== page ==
Premenstrual syndrome is something that many women and their family members are very familiar with. It’s unfortunate that over 80% of women go through unwanted mood changes, fatigue, and discomfort during this time of natural cleansing and renewal.
Some women have to take days off work, miss classes and social events, stay in bed, and take multiple doses of pain medication.
A group of cyclical physical and emotional symptoms that occur 1 or 2 weeks before a woman’s period.
What are PMS symptoms?
Anxiety, depression, irritability, abdominal bloating, fatigue, increased cravings, breast soreness, headaches and migraines.
Believe it or not some women have positive experiences like:
Enhanced creativity and cognitive function, increased libido, a sense of overall happiness and wellbeing.
There are many options out there to help women during their menstrual cycles. Starting with the basics:
Women find that their symptoms reduce when:
They eat a whole foods diet with very little refined sugar and carbs, dairy and caffeine. They include essential fatty acids and from fish, fish oil, nuts, and seeds. They maintain an active exercise regimen with regular aerobic exercise. Incorporate stress management practices into their daily life.
How to deal with PMS:
Studies show that women who suffer from PMS tend to have worse dietary habits than average women who don’t suffer from PMS.
PMS sufferers have been found to eat 62% more refined carbohydrates and 275% more refined sugar!
These dietary habits can exacerbate symptoms, increase weight, bloating, and water retention.
How does this happen?!
When you eat sugar it gets absorbed into your bloodstream. When this happens your pancreas releases insulin.
This spike in insulin causes salt and water to stay in the body causing swelling in breast tissue, extremities, and your abdomen (bloating).
Tip: To reduce this, eat more fiber from whole grains. Fiber has been shown to slow the insulin surge that happens after you eat sugar.
Your hormones go through an intricate dance every month that not only involves sex hormones and organs but also neurotransmitters (Serotonin and Dopamine) and brain activity.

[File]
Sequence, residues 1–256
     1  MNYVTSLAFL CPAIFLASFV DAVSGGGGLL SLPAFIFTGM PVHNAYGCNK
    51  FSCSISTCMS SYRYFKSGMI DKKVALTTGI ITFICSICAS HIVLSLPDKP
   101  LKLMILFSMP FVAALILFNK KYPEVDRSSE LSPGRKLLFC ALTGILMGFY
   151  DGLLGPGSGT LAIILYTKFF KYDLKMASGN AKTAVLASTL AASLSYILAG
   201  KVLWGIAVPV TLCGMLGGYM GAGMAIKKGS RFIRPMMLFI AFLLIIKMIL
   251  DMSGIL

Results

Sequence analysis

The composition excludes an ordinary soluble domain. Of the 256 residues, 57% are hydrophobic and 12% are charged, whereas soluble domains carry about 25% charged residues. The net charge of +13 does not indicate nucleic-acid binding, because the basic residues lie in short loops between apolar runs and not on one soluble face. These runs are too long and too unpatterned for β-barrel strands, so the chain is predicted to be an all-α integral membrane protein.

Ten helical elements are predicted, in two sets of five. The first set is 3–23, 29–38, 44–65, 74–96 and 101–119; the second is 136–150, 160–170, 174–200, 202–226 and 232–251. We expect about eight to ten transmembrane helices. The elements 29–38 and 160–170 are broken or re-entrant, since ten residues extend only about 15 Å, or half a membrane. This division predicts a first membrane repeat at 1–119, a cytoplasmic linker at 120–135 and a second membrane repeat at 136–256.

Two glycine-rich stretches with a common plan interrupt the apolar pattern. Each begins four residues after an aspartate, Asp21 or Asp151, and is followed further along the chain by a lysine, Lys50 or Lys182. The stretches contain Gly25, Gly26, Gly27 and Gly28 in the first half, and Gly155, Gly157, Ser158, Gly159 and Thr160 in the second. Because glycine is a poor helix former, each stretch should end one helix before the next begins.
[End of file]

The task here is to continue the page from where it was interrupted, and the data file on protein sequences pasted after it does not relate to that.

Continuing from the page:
This is why some women have mood changes and emotional fluctuations during this time.
One theory states that serotonin levels drop during the second part of your menstrual cycle, inducing sugar cravings.
High sugar foods lead to the production of Tryptophan- the precursor to Serotonin.
Once you have the building blocks for serotonin in your system, it can lead to improved mood and energy.
This may explain why SSRI’s (antidepressants) are given to menstruating women.
Tip: Vitamin B6 and magnesium have been shown to help reduce mood symptoms of PMS. Discuss proper dosing with a qualified medical practitioner when supplementing. Natural sources of Vitamin B6 are found in fatty fish, eggs, spinach, sweet potatoes, and avocados; and Magnesium from nuts, beans, bananas, dark chocolate, and whole grains.
Have you ever heard of prostaglandins??
Prostaglandins are compounds that can have hormone-like effects on the body. Depending on the type of prostaglandin, they can create more inflammation or have an anti-inflammatory effect on the body. When we consume diets that are high in sugar, white flour, or vegetable oils, we can increase the levels of inflammatory prostaglandins creating more pain when it comes to menstruation.
Tip: Essential fatty acids that come from fatty fish or fish oil can help to promote anti-inflammatory prostaglandin pathways and provide EPA and DHA to help support your brain and heart.
DUTCH Hormone Testing:
Comprehensive hormone testing can help you discover why you have these unwanted symptoms of PMS. Are you estrogen dominant? Do you have low progesterone? Are you clearing estrogen effectively? These are all questions that can be answered by the DUTCH test. Investigating estrogen metabolism is something that can’t be done by blood testing. These areas of hormones testing are often left out and overlooked.
Click here for more information on DUTCH testing.
You have many options when it comes to investigating and treating your PMS symptoms. Speak with your naturopathic doctor about what you can do about your unwanted PMS symptoms.